Yes, the title is a play on the Beatles song. As fans of the Fab Four know, the title is a veiled reference to LSD. And while this new movie called “Lucy In the Sky” drifts into a drug-like madness, it doesn’t quite live up to its promise.

Natalie Portman stars in this semi-true story about an astronaut who returns to earth after an extended space flight and has trouble readjusting. After the vastness of space, earth seems so very small.

Astronaut Lucy Cola (Portman) is wrestling with her new world view, something her husband (Dan Stevens) doesn’t understand. So she starts an affair with a fellow astronaut (Jon Hamm) who seems to empathize with her dilemma. She wants to go back into space, but her connection with reality is beginning to unravel.

PTSD? A transcendental experience? Incipient madness? Take your pick.

“Lucy In the Sky” is twinkling on the screens, but it’s a diamond in the rough.

The story is loosely based on NASA astronaut Lisa Nowak’s criminal activities connected to her affair with fellow astronaut William Oefelein. She was arrested in 2007 for attempting to kidnap U.S. Air Force Captain Colleen Shipman, her romantic rival.

The premise of the movie “that says astronauts begin to lose their grip on reality after being in space for an extended period of time” has been criticized as false by former NASA astronaut Marsha Ivins.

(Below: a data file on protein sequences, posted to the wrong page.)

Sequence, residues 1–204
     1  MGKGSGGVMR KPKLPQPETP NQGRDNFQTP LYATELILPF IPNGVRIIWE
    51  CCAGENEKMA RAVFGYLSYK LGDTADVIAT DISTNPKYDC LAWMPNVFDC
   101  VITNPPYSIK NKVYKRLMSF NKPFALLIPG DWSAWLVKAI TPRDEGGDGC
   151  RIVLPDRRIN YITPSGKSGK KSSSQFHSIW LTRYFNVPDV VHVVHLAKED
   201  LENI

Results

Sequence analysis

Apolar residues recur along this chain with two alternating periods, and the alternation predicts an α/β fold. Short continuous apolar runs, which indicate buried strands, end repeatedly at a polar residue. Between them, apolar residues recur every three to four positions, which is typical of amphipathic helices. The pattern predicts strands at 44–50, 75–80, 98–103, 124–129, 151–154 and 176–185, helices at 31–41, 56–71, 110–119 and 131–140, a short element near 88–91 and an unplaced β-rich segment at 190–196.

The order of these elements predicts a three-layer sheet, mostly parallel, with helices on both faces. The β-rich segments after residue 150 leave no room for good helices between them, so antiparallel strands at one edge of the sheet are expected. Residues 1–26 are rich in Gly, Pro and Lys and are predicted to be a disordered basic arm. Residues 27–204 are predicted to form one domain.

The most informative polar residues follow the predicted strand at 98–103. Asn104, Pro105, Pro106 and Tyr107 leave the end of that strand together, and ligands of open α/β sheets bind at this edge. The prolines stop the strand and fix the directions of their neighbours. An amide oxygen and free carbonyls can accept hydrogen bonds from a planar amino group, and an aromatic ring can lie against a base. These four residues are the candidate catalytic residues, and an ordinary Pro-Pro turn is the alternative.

Ivins might be considered an expert. She flew aboard five shuttle missions for a combined 55 days in space.

“Hollywood may consider spaceflight traumatic … but astronauts do not,” says Ivins. “We understand the danger involved in human spaceflight, and we accept the risk because we feel the reward of human space exploration is worth taking that risk. ... This can occasionally lead to a sort of depression when it all comes to an end and you’re back on earth, but not the kind of downward personal spiral intimated by the movie’s synopsis.”

Natalie Portman is a great actress. And John Hamm and Dan Stevens are no slouches. Even the cast additions of Zazie Beetz, Ellen Burstyn, and Nick Offerman are impressive. But they can’t compensate for the film’s weak spots.

Director-writer Noah Hawley throws in the kitchen sink (letterboxing to widescreen, fisheye lens, background sound) in an attempt to connect with the audience, but in the end this psychotic science-fiction psychedelia comes up as empty as space.

Shirrel Rhoades is a film critic and former media executive. He previously served as executive vice president of Marvel Entertainment and has produced several movies and documentaries. He was also a senior faculty member of New York University’s Center for Publishing. He lives in Key West, Florida, and Lake Lure, North Carolina. Contact him at srhoades@aol.com.

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